Overcoming The Spirit Of Hatred And Self-Justification

I find that the spirits of hatred and self-justification often work together. For example, a person divorces their husband, but is unable to “get over” the divorce. A spirit of “hatred” and “self-justification” seems to linger around that person. One way you will know that such a condition exists, is if you, being the one who has divorced your spouse, simply can’t say the divorced person’s name: you find it dis-tasteful, abhorent even. Or, perhaps it is a person at work whom you once got along with. Now, you always avoid that person — and can’t stand to be near him (or her). Surely you will suffer great dismay in your life if you do not learn to forgive that other person. He or she is a human being, you know, with the same “propensity towards sinning” as you or I. You’ve got to learn to forgive.

Without naming names, which can be so easy to do (yet highly deceptive as we try to “clear ourselves” of our own guilt in any particular situation), we may be honest and forthright in saying that “sin” is the problem. “Sin” lives in me and you. Ultimately — though perhaps for a time — sin cannot survive in God’s presence. I say “ultimately” knowing that God does “visit the world” in the form of His Son, and His Spirit is indeed here on this earth, working in and through various individuals. In this sense, God does “tolerate” or “put up” with this thing called “sin” because he purposely, willfully, visits this sinful world in order to love us. However, he does so with the purpose of “attracting us back to himself” — rather than desiring to “put up with sin.” As Jesus Himself said, “O unbelieving and perverse generation … How long shall I put up with you?” (Matthew 17:17) That is why I say, “ultimately,” sin cannot survive in God’s presence. For a time, yes, but not forever. A day is coming when God shall judge the earth, and all those who have ever lived in it. The Bible makes that clear!

So then, what about this spirit of hatred and self-justification? Is it justifyable? “Whosoever hateth his brother is a murderer: and ye know that no murderer hath eternal life abiding in him.” (1 John 3:15) It is therefore not justifyable. God may put up with our sin for a time, but He will not put up with it forever. If we then keep on sinning then, who is the one who is suffering? Is it not us and not the other person whom we despise? For what profit is there in despising the other person, if we alone are the one to suffer? But here, I will show you a more excellent way to “combat” those whom you seek to “destroy” (I say this in jest). It is called the “love way.” Simply put, we are to love our enemies. That could (and I believe should) start with praying for them, but then must be followed up with action:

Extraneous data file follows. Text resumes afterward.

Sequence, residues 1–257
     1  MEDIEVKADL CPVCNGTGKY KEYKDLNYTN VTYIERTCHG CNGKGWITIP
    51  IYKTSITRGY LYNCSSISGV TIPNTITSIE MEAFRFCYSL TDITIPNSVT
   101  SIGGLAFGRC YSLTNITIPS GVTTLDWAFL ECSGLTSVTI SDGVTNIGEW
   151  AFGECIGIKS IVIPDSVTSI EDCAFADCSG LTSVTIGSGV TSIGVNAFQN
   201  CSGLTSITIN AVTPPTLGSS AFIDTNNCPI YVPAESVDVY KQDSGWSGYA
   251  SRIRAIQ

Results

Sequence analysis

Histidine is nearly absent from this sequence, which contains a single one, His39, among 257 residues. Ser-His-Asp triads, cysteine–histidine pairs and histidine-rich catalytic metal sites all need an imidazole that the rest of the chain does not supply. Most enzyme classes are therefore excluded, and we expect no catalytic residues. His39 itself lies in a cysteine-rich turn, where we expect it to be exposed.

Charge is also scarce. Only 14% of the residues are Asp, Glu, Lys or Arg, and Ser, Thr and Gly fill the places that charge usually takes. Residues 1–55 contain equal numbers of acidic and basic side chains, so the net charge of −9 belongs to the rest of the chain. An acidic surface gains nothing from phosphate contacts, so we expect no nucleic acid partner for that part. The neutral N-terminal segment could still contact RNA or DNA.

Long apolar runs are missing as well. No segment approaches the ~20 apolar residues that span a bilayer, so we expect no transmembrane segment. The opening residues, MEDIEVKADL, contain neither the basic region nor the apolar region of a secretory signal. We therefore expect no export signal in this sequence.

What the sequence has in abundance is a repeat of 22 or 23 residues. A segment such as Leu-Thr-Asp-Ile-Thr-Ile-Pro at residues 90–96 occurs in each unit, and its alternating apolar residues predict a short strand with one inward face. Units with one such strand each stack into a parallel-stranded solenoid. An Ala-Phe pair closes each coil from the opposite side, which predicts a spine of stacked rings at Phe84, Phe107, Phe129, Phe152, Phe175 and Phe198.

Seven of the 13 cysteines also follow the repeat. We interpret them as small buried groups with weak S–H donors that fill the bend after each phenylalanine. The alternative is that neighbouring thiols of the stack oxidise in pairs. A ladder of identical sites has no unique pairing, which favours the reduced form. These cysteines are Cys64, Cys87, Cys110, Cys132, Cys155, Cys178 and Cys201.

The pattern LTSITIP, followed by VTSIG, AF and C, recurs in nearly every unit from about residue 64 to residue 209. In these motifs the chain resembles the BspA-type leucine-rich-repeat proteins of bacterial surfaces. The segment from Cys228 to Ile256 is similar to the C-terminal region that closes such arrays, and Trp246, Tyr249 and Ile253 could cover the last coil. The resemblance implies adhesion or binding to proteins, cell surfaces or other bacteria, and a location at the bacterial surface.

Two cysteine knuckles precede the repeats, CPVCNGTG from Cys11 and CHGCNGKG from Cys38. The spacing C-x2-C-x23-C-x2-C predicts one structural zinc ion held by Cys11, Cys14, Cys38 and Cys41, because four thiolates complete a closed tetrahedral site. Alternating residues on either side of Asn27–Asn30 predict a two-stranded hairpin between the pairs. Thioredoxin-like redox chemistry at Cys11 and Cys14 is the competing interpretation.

“44 But I say unto you, Love your enemies, bless them that curse you, do good to them that hate you, and pray for them which despitefully use you, and persecute you; 45 That ye may be the children of your Father which is in heaven: for he maketh his sun to rise on the evil and on the good, and sendeth rain on the just and on the unjust. 46 For if ye love them which love you, what reward have ye? do not even the publicans the same? 47 And if ye salute your brethren only, what do ye more than others? do not even the publicans so? 48 Be ye therefore perfect, even as your Father which is in heaven is perfect. (Matthew 5:44-48)

Again, we read, “21 If your enemy is hungry, give him food to eat; And if he is thirsty, give him water to drink; 22 For you will heap burning coals on his head, And the LORD will reward you.” (Proverb 25:21-22)

Now what is the reason for which the Lord will reward you for doing this “good” to your enemies? What have you done **for** Him in the process? Simply this: You have allowed yourself to be used as a vessel to “reach out and bless” that other person, with the same love and respect that God himself has touched you through another person. You are therefore permitting God to use you, so that you can be his “hands and feet.” He needs you, then, to do that, because it is his will that “none perish, but all come to repentance” (2 Peter 3:9).